Saturday night my friend Julide (Julie Day) came out to the island, suggesting we attend a spring festival on the next island of Heybiliada: the Hıdır Ellez. Jini was coming down with a cold, so Julide and I went alone to enjoy a beer and mezes followed by an evening of music, dancing, singing, and watching other celebrants jump over the bonfire. My goodness! Sadly, the last ferry left at 8:45, which made our night a short one.

Julide and I pose with a woman we’d met while dancing. We’re squatting as a part of the festivities.
After dark there were scores of people jumping over this bonfire right on the street.

I also took Jini to tour Robert College, which impressed her immensely. It’s a stunning park-like campus, and I was tickled to chat with former teaching compatriots Cyrus, Jamison, Jake, Myra, and Alison. Cyrus showed us some major improvements to the campus, which was already gorgeous. When I mention to Turks that I taught at Robert College, eyebrows are raised. 

Gould Hall, on the Robert College campus
Robert College now has this bright, open cafeteria instead of the old basement one.

We finished our tour with a mile walk to Ortaköy, where we visited the newly-refurbished Ortaköy Mosque. Because it was the first day of Ramazan, we had to wait until the noon prayer was over then were allowed in. The main part of the mosque is alight from both windows and stunning chandeliers—only for the men. The women’s room is dull and unexciting. What does that say?

Here’s where the men pray…
…and the women at least get a few windows.

We also indulged in kumpir, the local baked potato mashed with butter and cheese, then topped with an array of items like corn, sausage, olives, pickles, mushrooms, tapenade, and other delicious items. I’ve never finished one before, but I cleaned that one right up. My belly felt like after a Thanksgiving dinner, but oh, well. It was delicious.

Jini gleefully accepts her kumpir, a baked potato with all the fixings.
Here’s a close-up of my kumpir.

So ends this sojourn. I have a 4:15 AM flight, and I plan to catch the midnight bus from Sultanahmet to the New Istanbul Airport. Rumor has it that Erdoğan built this airport because he wants to abolish any references to Ataturk, his nemesis. The older (very adequate) airport is called Ataturk. That’s a $12 billion expense to erase an old foe. Hmmm…

Supposedly this will be the largest airport in the world once it’s finished. People are up in arms over the expense, especially after he spent over a billion dollars on his 1000+ room presidential palace. The heck with the unemployed.

Well, I still love this country. Farewell, Turkey…until next time.

Last days in Istanbul—for now…

We had three more days in Istanbul, and our arrival was daunting, at best. Our driver, Sabahattin, performed valiantly, but the Sultanahmet traffic was chock-a-block. We spent nearly an hour to go three blocks. At least it felt like it. Five of us hopped off the bus about four blocks from our hotel so we could arrange rooms before luggage and other travelers arrived.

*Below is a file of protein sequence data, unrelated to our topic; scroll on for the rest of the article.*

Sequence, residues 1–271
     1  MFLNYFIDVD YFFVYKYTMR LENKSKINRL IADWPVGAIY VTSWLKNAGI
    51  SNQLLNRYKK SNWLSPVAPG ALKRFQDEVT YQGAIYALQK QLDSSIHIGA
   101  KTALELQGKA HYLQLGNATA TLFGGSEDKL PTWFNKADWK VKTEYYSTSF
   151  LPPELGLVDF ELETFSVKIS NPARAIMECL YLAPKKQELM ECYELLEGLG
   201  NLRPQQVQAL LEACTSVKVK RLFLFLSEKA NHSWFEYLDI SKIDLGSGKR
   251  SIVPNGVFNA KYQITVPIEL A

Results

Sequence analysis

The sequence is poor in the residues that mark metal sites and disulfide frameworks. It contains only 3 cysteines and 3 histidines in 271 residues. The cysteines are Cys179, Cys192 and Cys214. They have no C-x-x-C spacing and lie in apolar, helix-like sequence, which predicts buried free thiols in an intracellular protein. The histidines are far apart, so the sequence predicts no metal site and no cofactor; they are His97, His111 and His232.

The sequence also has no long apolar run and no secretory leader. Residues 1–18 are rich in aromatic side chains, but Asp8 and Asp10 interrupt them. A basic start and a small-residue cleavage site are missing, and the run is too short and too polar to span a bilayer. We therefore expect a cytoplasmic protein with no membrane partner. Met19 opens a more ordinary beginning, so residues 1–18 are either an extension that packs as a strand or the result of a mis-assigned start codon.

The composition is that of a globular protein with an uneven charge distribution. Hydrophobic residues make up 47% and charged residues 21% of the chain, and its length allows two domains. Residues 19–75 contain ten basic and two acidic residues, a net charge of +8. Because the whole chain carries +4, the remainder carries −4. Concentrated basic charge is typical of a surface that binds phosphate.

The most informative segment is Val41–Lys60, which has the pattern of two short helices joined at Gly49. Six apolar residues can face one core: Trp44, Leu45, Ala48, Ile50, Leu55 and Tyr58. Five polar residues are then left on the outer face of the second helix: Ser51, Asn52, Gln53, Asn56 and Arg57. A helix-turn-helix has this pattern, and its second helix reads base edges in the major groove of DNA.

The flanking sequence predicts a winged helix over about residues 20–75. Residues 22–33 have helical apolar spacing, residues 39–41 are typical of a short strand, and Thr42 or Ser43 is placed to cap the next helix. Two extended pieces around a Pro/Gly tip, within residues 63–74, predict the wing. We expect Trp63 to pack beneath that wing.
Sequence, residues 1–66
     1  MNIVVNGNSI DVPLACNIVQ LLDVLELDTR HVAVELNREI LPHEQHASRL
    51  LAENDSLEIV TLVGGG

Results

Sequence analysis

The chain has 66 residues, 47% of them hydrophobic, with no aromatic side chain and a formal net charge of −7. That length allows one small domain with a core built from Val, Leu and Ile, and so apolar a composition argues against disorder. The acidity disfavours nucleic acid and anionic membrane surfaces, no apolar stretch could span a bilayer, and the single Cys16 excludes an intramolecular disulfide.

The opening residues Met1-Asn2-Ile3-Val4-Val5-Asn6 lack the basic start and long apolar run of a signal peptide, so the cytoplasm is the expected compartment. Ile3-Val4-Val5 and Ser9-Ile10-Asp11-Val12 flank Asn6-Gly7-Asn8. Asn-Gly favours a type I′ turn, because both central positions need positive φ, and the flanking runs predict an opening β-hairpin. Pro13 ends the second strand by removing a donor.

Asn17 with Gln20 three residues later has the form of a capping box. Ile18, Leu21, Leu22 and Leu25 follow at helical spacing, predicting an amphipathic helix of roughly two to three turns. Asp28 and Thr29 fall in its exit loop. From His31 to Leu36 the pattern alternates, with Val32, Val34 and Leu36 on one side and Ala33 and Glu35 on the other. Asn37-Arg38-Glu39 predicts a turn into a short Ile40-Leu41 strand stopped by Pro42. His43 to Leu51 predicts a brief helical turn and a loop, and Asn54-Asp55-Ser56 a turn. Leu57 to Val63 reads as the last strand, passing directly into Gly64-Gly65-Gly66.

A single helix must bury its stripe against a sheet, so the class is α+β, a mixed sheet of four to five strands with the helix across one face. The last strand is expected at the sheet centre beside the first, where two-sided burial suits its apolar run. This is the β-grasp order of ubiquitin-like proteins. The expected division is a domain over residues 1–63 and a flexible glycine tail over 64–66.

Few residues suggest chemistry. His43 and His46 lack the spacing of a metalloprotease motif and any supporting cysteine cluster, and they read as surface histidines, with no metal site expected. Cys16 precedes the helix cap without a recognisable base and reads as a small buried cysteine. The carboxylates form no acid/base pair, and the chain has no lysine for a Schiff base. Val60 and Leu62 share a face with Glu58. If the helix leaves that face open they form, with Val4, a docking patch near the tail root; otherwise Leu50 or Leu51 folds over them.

It’s faster to go on foot, even with a load.

We had less than half an hour to gussy up for an exclusive dinner Tom Olson had arranged. And oh—what a dinner! We weary travelers looked pretty classy for our trip to the Mikla Restaurant, rated #38 of the top 50 restaurants in the world. Yup, the world. It’s on top of the Marmara Pera Hotel near Taksim and absolutely fabulous. We started with a quick peek into the nearby Pera Palas, a Neo-classical hotel that dates back to the 19th century. We oohed and ahhed at its fabulous decor: heavy draperies, glittering chandeliers, and ornate carved wood. Ataturk stayed there, as did Agatha Christie when she wrote Murder on the Orient Express. It’s just been renovated, and it’s a masterpiece.

Susie, Marnie and Jane pose in front of the Pera Palas’ classic elevator.

We were early for dinner, so we imbibed in a glass of wine before boarding an elevator for the top story. We were led through the restaurant to an open terrace overlooking the Golden Horn, the Bosphorus, and the Marmara Sea.

My dopey movie of the Bosphorus from the top of the Marmara Pera

If the view wasn’t enough to knock us off our feet, dinner was beyond compare. We were served numerous hors d’oeuvres like a whole-grain cracker topped with seasoned hummus and thinly-sliced radishes, and an anchovy baked onto a wafer-thin cracker with a heavenly sauce. Oh, and the bread—my goodness! Their whole grain bread was sumptuous and crusty with heavy olive oil for dipping.

Our radish hors d’oeuvre on hand-made whole grain cracker.


Anchovy filets baked onto a light pastry crust with a dipping sauce.

My first course was a 6-inch prawn served with seasoned seaweed, a tart/sweet red sauce and“şeker bean” hummus. YUM!

Oh, the prawns!

For the second course Susie and I shared a beef rib steak, rare, served with chard, mushrooms, artichoke, asparagus, and a reduced wine sauce. Oh, heaven! We couldn’t eat it all and hope the remains went to a worthy devotee.

Our rib steak, already half devoured–mustard sauce on the side.